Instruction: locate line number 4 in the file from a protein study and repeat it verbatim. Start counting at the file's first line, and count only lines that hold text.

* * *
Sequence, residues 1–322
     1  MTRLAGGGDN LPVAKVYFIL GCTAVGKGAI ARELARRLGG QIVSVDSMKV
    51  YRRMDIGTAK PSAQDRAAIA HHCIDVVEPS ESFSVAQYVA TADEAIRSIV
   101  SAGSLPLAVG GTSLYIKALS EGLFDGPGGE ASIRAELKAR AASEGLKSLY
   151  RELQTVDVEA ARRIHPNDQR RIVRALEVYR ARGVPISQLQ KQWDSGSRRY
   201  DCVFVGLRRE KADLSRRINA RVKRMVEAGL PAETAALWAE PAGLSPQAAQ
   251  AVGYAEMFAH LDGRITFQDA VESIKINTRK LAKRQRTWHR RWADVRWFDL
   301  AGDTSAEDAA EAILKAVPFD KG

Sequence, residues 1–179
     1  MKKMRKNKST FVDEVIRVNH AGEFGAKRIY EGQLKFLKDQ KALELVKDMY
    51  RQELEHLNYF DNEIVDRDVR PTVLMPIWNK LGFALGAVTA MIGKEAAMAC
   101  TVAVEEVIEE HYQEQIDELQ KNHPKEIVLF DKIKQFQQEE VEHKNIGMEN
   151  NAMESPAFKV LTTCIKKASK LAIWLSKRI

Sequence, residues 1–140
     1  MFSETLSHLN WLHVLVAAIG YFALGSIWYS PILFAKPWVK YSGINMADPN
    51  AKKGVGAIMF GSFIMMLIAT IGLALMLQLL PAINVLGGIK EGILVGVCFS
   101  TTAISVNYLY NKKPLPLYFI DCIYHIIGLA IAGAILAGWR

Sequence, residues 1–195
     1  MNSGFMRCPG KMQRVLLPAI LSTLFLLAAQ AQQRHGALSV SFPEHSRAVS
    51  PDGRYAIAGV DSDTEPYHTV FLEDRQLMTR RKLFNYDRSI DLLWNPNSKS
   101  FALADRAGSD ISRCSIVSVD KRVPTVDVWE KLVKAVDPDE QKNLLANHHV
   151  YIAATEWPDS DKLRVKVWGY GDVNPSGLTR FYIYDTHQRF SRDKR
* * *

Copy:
   101  SAGSLPLAVG GTSLYIKALS EGLFDGPGGE ASIRAELKAR AASEGLKSLY